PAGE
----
Saturday, August 24, 2019

VIII Village Festival

VIII - Festival of the Cloves

The village we were visiting when we took our first jungle hike was famous for its clove plantations. However, years ago the plantations had been destroyed by warring tribes. That said, the annual Festival of the Cloves was still held each year. The festival lasted for 2 weeks. During this time the tiny fishing village of 10 permanent residents turned into the mecca of the area. There were boats of every size and shape tied to trees on the shore. Large ones families had rented for the entire 2 weeks. 

There were also many of the smaller traditional boats moored there.

The first thing we saw when we approached the village was a huge white church with blue trim. There were streamers stretching from the bell tower to the ground.  

Lines of colorful clothes drying in the Amazon heat were strung across the sterns of the boats.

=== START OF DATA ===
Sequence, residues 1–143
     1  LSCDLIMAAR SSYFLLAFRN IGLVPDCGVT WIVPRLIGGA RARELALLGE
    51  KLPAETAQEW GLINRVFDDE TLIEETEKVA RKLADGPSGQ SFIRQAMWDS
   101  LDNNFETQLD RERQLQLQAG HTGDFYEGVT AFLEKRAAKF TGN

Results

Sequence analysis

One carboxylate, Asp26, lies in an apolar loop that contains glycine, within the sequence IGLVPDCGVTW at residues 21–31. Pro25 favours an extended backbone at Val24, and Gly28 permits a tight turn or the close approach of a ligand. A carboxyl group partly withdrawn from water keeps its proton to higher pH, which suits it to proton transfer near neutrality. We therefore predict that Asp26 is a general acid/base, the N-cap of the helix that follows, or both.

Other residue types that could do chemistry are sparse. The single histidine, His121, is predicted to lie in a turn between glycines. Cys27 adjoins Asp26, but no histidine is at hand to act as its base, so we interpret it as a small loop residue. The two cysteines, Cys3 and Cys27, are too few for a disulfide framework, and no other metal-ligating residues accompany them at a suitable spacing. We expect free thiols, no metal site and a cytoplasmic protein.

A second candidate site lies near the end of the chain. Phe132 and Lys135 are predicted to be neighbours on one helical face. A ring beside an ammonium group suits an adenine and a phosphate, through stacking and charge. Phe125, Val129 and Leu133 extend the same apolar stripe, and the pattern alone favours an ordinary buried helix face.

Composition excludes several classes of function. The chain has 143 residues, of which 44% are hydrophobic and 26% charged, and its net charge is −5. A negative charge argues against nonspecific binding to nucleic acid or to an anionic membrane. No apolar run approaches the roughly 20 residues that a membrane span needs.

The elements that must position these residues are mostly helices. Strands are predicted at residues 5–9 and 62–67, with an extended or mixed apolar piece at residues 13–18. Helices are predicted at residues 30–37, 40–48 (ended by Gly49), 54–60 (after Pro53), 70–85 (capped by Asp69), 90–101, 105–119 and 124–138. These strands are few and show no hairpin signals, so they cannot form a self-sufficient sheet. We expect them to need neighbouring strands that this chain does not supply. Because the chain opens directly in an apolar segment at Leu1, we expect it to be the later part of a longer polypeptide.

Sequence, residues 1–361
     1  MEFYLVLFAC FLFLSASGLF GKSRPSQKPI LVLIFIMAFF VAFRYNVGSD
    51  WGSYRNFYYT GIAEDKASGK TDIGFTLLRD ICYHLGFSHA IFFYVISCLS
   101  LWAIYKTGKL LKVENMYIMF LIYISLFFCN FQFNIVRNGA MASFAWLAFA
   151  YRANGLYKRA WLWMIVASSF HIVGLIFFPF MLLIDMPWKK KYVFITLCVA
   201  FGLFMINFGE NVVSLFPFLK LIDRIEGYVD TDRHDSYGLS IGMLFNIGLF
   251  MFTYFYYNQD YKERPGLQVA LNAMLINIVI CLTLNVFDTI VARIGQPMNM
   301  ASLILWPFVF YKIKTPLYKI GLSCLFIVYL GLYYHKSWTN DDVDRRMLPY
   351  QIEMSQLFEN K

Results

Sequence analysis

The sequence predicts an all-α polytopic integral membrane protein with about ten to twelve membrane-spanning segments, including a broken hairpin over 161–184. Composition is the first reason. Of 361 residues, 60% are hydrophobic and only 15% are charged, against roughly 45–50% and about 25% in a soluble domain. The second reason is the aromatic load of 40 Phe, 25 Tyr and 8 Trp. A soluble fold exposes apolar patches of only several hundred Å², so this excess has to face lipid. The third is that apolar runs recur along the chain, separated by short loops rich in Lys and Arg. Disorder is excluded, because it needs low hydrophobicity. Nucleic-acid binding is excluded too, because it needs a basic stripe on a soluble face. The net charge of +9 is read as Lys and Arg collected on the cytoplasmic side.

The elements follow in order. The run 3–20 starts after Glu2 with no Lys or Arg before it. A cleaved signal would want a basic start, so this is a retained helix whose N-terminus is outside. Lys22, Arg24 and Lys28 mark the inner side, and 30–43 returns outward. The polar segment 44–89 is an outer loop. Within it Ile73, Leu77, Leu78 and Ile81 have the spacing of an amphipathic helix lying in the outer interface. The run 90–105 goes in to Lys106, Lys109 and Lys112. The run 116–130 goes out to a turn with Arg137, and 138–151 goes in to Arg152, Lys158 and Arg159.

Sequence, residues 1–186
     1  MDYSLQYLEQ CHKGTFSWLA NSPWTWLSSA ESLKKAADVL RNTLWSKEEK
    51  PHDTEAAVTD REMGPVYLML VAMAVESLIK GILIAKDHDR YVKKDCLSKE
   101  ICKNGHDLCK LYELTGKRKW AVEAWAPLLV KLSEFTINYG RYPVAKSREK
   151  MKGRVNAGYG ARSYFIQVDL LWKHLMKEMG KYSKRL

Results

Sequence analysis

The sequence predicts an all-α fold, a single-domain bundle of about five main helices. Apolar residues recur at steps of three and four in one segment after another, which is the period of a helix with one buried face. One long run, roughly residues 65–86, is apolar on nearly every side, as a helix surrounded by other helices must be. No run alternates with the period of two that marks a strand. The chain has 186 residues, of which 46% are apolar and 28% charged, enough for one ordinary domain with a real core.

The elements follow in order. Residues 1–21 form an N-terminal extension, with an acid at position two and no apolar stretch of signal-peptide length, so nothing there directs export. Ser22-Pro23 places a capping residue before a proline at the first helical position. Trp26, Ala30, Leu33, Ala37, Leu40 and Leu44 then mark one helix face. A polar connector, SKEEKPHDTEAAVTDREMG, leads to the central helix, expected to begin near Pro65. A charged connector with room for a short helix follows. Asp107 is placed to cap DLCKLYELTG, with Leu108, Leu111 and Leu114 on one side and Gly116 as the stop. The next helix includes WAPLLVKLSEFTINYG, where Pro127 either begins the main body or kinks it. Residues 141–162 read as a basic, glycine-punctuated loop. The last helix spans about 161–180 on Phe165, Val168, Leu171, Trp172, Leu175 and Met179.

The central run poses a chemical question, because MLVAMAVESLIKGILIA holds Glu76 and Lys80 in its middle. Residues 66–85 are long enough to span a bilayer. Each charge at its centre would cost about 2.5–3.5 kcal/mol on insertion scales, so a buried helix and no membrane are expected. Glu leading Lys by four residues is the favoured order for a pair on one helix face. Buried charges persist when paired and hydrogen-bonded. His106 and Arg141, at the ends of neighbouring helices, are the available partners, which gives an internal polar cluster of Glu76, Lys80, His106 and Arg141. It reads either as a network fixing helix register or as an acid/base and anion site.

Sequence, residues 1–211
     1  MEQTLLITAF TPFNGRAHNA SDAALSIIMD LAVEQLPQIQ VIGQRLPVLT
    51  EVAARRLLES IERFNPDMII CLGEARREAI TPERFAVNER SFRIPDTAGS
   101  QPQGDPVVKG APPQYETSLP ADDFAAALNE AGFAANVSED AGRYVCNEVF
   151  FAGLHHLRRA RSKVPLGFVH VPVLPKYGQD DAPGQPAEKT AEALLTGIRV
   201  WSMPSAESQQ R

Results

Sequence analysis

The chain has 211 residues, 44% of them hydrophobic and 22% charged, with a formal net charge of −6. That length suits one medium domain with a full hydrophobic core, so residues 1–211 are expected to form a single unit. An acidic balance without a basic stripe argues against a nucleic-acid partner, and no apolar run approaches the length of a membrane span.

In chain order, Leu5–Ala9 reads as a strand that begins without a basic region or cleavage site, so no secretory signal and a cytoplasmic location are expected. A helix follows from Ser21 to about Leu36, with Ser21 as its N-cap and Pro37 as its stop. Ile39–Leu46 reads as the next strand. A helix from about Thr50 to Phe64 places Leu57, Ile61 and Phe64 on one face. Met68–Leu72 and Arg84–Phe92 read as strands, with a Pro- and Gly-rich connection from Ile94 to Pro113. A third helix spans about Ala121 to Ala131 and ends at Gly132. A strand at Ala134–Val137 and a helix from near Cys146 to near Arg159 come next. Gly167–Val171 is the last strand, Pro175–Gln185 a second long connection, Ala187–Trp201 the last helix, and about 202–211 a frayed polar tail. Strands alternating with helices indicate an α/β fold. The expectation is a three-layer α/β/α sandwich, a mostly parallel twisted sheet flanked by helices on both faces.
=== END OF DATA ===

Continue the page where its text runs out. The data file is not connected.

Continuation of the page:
Men were on the swim decks at the stern of the boats scaling fish. Women were washing clothes in the water as children swam and splashed about.

The boats were crammed with families. Dozens of hammocks hanging about. 

There was constant motion - people coming and going, preparation of food, laughter, and the general hum of families and crowds. The streets of the small town were lined with vendors selling their wares. The selection ranged from food to clothes to beer. One could round a corner and find someone singing (barely recognizable Americans songs) in Portuguese. There were make shift dance floors and bars blasting loud music. 

A soccer field was set-up with teams playing in what seemed to be a tournament. Between games, children would take the field playing their own games.

I think we were the only 'outsiders' there. That being the case, we became a source of interest. 

One of the most curious things were 4 tall poles. 2 decorated with toys and other items, the other 2 covered with fruits, with all the goodies starting 10-12 feet in the air. We learned that the poles were greased and there would be a competition to see who could climb the poles and grab the prizes.

The festival went 24 x 7. We went to sleep to the music and the crowds and awoke to the music, still blaring. 

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